Only 63 percent of those who took the New York State bar exam in July passed, a drop of 5 percentage points from 2017.
Those who attended ABA-accredited law schools and took the New York exam for the first time performed markedly better with an 83 percent passing rate but that was still down 3 percentage points from the previous year.
New York’s plummeting scores mirror performance on the bar examination nationwide, which sunk to a 34-year low, according to the National Conference of Bar Examiners, which released results on the Multistate Bar Examination in September.
The number of students taking the test in New York has decreased as well. The board examined 9,679 candidates, including U.S. domestic-educated candidates and foreign-educated candidates, first timers and repeat takers from July 24 to 25. That was 253 fewer candidates than last year, and the lowest number of candidates examined in a July administration since 2004.
The number of foreign-educated candidates who sat for the bar examination in July was a record 3,232, or 33 percent of all candidates, but the passing rate for this group decreased even more dramatically. Only 41 percent of foreign-educated candidates passed, a drop of 7 percentage points.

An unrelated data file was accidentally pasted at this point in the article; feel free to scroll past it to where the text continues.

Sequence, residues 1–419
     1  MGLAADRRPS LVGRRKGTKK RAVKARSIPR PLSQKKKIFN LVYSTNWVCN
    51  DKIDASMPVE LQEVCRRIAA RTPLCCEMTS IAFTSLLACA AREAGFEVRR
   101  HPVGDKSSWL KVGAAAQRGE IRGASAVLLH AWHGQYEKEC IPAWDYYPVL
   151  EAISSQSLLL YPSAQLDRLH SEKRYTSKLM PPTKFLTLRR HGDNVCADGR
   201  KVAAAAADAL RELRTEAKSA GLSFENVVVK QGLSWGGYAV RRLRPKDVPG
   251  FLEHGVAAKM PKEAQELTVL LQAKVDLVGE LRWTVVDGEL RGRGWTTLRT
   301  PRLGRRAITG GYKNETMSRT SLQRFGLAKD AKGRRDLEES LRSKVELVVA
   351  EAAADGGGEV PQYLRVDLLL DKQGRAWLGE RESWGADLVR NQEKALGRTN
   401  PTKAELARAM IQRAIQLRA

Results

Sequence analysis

While the passing rates declined compared with July 2017, the state Board of Law Examiners noted that passing rates were generally in line with recent results. For example, the passing rate of 83 percent for first-time test takers who are graduates of ABA-approved law schools was the same rate achieved by that group in July 2016 and July 2014.
The New York Law Journal will post the names of all successful candidates online tomorrow and in print Thursday.
Successful candidates are certified for admission to the Appellate Division and must appear before the Committee on Character and Fitness before being admitted to the bar.